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Masks handy for New Year incense smoke too


Protective facemasks were much in evidence at Chinese shrines in Bangkok on Friday (January 24) as people marked the beginning of another Lunar New Year.

Masks handy for New Year incense smoke too But they were worn more out of concern over the dense clouds of incense smoke than the still-hazardous PM2.5 air pollution.

Masks handy for New Year incense smoke too The Chinese New Year Festival continues through Monday.

Masks handy for New Year incense smoke too
The Chao Por Pak Khlong Shrine near the Pak Khlong Market Flower Market was busy and billowing with smoke.

Masks handy for New Year incense smoke too Masks handy for New Year incense smoke too
Administrators at Mangkon Kamalawat Temple, also known as Wat Leng Noei Yi, have this year banned a festival staple – the burning of silver and gold paper – in deference to efforts to reduce PM2.5 pollution.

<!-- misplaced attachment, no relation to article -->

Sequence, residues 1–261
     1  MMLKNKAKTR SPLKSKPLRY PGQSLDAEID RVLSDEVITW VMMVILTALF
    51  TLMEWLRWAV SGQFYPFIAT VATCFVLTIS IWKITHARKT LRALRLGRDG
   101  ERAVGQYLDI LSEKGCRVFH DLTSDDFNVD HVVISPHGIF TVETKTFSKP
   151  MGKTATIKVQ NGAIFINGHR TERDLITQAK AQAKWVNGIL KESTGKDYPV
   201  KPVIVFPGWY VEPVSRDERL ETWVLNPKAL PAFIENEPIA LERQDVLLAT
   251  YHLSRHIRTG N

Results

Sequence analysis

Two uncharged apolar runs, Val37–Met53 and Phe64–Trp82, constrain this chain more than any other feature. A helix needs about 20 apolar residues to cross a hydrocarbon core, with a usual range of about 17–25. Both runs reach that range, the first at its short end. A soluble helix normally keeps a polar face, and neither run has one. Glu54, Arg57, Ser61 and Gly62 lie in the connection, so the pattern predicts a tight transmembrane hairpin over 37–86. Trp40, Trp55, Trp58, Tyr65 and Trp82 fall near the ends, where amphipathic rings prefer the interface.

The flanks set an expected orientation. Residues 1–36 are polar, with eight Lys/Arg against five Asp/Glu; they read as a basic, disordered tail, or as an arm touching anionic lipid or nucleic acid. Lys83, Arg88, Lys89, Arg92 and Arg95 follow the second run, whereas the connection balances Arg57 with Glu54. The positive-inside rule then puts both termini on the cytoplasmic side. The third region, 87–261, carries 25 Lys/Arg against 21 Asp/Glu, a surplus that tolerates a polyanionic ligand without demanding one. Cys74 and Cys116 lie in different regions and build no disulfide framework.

Masks handy for New Year incense smoke too Masks handy for New Year incense smoke too Masks handy for New Year incense smoke too Masks handy for New Year incense smoke too Masks handy for New Year incense smoke too Silpakorn University researchers were in the Yaowarat area, Bangkok’s Chinatown, checking both PM2.5 and noise levels.

Masks handy for New Year incense smoke too They were happy to demonstrate the gadget they used for reporters and curious passers-by, explaining that the survey was a part of the university’s “Development of Artistic and Cultural Capital in Yaowarat” project.

Masks handy for New Year incense smoke too

Published : January 24, 2020

By : THE NATION